Whatever else they are, these books are gripping. I’ve read one a day for the past three days and been mildly perturbed by the people I love for trying to speak to me during this time.
The three books unfold on another planet, which has been colonized by humans due to overcrowding and lack of sufficient resources on Earth. The first book, The Knife of Never Letting Go, opens a few weeks before young Todd’s thirteenth birthday, when he will become a man in the eyes of his village, Prentisstown– which is made up entirely of men. That is, there are no children younger than Todd, nor are there any women. The women have been killed, it seems, by a germ that infected all the humans upon their arrival. Though the men survived, the germ affects them by making all of their thoughts audible, all of the time. Apparently, though, it is still possible to hide at least some thoughts in “The Noise,” because Todd’s adoptive parents, Ben and Cillian, pack him up shortly before his birthday and tell him he must run away for his own safety, because most of what he knows about Prentisstown is a lie.
Todd’s flight is complicated by the fact that, shortly before his parents send him away, he discovers a girl, Viola, hiding near the village. Viola was on a ship of new settlers that crashed and killed everyone else on board, including her parents. Now, pursued by the Mayor of Prentisstown and a small army of men, and separately by a crazed priest, Aaron, Todd and Viola run for their lives, discovering the secrets of their planet, but also learning about one another.
The relationship between Todd and Viola drives most of the major plot turns of the trilogy, so it’s fortunate that Ness does an excellent job of building it up. It is a refreshing pleasure to see a relationship between two characters grow slowly, organically, and for it to be based on trust, loyalty, and mutual respect for each other’s abilities. Todd and Viola become attracted to each other physically only after they’ve become best friends.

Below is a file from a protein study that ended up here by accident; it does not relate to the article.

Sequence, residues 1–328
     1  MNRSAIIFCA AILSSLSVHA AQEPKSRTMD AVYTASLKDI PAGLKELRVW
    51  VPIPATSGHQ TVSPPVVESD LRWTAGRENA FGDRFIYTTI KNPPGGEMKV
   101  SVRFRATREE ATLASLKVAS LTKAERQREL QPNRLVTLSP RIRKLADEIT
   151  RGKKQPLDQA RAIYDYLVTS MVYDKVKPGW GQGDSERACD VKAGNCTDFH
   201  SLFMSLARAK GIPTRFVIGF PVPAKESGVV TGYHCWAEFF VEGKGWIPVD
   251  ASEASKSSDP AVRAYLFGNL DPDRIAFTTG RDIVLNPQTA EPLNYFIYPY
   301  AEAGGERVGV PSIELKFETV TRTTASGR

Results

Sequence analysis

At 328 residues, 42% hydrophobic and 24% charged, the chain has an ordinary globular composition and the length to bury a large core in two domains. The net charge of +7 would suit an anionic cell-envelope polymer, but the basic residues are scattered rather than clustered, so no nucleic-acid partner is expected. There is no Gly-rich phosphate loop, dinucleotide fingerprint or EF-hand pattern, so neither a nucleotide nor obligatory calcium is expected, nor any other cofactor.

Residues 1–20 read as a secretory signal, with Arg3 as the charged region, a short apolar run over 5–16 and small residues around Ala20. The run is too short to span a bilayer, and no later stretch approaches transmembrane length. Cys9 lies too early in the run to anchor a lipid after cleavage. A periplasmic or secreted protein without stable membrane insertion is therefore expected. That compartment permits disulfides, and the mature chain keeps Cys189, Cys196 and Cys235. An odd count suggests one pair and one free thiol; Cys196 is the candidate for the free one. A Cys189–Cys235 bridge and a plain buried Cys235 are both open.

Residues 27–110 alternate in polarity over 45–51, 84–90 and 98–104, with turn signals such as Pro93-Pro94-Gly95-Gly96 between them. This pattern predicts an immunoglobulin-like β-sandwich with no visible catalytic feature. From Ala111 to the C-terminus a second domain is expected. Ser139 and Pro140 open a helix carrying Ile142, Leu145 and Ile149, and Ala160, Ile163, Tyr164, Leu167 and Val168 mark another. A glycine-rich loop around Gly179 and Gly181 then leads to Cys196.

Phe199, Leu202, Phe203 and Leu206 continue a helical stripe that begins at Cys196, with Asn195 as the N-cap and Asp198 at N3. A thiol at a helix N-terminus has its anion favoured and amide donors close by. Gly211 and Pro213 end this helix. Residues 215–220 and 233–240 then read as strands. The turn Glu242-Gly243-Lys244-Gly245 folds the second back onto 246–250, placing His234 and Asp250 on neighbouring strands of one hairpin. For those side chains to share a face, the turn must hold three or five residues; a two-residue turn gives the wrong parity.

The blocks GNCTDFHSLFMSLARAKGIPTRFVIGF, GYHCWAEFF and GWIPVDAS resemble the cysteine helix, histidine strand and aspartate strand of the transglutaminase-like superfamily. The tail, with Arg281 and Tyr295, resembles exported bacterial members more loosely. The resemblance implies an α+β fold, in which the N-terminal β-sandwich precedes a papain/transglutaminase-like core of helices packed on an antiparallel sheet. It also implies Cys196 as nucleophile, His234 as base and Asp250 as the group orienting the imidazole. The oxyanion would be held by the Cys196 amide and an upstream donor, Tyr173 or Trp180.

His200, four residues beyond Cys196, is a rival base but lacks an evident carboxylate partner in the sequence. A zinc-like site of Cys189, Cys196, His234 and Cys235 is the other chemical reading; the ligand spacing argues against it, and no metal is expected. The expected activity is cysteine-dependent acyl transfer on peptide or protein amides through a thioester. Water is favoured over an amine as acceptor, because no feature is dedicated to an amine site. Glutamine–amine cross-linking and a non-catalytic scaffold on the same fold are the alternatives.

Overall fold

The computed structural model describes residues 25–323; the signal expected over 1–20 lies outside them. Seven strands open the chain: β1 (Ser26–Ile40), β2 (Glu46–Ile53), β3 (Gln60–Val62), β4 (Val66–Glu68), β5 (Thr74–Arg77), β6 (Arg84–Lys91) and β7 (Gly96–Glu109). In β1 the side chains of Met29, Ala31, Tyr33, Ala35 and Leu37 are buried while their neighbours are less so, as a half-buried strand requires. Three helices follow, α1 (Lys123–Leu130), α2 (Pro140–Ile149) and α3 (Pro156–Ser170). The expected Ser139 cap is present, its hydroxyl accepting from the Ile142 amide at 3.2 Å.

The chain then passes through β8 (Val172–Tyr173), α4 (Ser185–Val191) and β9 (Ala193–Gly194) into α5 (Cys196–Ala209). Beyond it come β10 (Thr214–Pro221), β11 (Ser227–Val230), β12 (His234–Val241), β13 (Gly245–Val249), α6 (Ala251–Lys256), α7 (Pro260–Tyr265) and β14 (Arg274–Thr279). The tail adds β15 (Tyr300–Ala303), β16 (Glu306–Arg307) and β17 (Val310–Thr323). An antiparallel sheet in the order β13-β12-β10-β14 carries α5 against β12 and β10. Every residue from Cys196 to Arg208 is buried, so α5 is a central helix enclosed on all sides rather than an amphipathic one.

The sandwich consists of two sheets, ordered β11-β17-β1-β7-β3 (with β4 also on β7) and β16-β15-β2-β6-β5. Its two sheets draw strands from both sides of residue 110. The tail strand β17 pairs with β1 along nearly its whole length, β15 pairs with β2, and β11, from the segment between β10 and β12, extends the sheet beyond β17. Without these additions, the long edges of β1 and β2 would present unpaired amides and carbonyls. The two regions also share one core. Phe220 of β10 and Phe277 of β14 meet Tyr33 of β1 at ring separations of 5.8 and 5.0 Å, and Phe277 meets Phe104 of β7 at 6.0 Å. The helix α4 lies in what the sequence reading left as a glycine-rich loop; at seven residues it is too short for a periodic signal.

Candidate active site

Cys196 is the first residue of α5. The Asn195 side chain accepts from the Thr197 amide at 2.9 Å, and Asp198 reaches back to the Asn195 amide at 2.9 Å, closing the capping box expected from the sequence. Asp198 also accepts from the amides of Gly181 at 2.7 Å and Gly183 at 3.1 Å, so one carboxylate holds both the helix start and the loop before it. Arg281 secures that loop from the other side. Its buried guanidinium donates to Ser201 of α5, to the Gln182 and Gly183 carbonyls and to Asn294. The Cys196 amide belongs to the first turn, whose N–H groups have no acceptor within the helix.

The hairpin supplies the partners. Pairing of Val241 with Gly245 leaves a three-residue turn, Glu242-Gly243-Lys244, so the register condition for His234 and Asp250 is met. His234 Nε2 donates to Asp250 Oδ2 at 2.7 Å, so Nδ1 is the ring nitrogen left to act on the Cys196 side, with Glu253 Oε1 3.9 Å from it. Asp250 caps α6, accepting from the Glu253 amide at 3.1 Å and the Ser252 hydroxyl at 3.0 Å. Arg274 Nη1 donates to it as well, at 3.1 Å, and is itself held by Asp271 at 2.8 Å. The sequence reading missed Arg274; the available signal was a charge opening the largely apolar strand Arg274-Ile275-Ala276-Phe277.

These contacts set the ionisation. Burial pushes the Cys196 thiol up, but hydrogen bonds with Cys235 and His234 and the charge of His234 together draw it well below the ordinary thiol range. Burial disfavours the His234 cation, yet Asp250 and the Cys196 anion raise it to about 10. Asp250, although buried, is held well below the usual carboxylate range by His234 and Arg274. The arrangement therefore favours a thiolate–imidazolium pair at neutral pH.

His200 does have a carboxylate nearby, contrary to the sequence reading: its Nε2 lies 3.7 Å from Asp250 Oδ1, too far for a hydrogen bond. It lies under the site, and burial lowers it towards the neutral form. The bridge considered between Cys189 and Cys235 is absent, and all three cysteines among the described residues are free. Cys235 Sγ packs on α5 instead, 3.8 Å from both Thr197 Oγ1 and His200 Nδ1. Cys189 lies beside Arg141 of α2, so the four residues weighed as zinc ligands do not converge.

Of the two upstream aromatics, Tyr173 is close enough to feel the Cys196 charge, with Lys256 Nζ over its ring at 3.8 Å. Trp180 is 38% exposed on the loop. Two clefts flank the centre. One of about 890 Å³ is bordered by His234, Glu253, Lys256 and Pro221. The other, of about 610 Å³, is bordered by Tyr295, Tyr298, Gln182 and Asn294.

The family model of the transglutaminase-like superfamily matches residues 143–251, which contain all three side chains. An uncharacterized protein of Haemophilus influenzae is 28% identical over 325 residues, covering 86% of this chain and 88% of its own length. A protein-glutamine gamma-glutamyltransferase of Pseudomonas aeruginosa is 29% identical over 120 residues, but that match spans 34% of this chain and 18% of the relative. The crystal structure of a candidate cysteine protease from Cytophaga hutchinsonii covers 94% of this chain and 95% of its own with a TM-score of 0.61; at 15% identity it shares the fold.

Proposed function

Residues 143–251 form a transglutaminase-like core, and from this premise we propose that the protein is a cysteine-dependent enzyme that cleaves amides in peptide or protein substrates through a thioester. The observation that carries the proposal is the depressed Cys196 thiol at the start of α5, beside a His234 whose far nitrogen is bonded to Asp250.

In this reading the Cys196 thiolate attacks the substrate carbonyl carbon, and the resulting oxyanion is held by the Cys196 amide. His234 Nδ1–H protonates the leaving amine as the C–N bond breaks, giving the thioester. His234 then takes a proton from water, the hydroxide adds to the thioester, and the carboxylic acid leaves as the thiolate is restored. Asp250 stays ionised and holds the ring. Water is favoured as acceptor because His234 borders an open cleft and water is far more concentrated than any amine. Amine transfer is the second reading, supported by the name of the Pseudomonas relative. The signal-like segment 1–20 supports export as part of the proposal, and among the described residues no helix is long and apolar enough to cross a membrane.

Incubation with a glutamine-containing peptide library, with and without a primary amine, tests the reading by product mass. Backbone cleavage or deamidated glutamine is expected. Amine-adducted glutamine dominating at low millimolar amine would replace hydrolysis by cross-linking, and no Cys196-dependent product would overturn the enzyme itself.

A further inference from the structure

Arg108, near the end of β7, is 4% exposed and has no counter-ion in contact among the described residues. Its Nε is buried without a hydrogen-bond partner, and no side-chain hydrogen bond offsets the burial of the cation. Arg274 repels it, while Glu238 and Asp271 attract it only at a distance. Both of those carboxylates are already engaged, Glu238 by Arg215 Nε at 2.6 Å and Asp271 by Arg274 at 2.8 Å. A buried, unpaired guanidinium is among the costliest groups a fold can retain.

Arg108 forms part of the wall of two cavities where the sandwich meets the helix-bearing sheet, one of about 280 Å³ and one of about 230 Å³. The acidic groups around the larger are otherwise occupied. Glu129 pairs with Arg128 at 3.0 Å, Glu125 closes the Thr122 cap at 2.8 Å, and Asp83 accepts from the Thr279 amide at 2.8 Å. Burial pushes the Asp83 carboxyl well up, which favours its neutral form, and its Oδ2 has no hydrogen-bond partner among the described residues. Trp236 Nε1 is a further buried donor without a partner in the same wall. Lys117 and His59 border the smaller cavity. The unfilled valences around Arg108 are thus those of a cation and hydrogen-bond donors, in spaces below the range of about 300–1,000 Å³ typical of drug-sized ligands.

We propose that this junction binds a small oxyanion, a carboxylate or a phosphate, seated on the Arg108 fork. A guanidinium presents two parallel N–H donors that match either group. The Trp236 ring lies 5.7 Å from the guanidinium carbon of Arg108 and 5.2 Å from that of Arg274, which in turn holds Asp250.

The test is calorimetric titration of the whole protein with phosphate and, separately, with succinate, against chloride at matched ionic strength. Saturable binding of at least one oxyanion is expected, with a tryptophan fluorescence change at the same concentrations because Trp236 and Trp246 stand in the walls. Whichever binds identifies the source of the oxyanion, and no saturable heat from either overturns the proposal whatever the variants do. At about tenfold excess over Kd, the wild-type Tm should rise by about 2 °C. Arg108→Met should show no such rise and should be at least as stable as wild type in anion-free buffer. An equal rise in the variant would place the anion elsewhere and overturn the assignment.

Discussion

The Chaos Walking Trilogy also takes a fresh approach to its gender roles. Though there aren’t many aside from Viola, the female characters are multi-faceted and complex, particularly Mistress Coyle, the ruthless head of a terrorist organization who is also a skilled healer and a mentor of sorts to Viola in the second book of the series, The Ask and the Answer. Throughout the books, Ness explores the ways in which a society’s treatment of women is a marker of its overall health and functionality.
Ness also explores the concept of “manhood,” especially as Todd has been taught to imagine it. One of Todd’s “flaws” is that he cannot kill, even to save himself. He can never bring himself to it. Ness interrogates the idea that violence is the only way to show strength or masculinity. He also takes a naturalistic approach to homosexuality and same-sex parenting. They’re not highlighted, but they are depicted as normal and qualitatively neutral.
Plot-wise, the best aspect of the trilogy is the way Ness grows his world in each book. Too many trilogies would be better told in two books or even one, and often the second book of a trilogy feels like a retread of the first. But that’s not the case here, where Ness introduces new people and information that broaden the scope and raise the stakes in each installment. We learn more about The Noise, more about the planet, more about its native inhabitants, and more about what happened in Prentisstown before Todd was born. We learn about other groups of people on the planet and see different forms of government.
The enlarged cast does become a bit unwieldy in book three, Monsters of Men, when Ness gives POV chapters to Todd, Viola, and a third character. It might have worked better if each character had fewer, longer chapters, to maintain the perspective while mitigating the disorienting, choppy switches that occur too frequently. Though the ending itself is solid and worthy of the series, the third book as a whole is the series’ weakest link, with too many battle scenes (even in a book about war!) and one or two too many plot threads that could have been wrapped up more economically without sacrificing impact.
Still, the worst that can be said of the last book is that it had me turning pages in certain parts more out of impatience than suspense. The Chaos Walking Trilogy is engrossing, thought-provoking YA that will make your weekend sometime soon, if you decide to pick it up.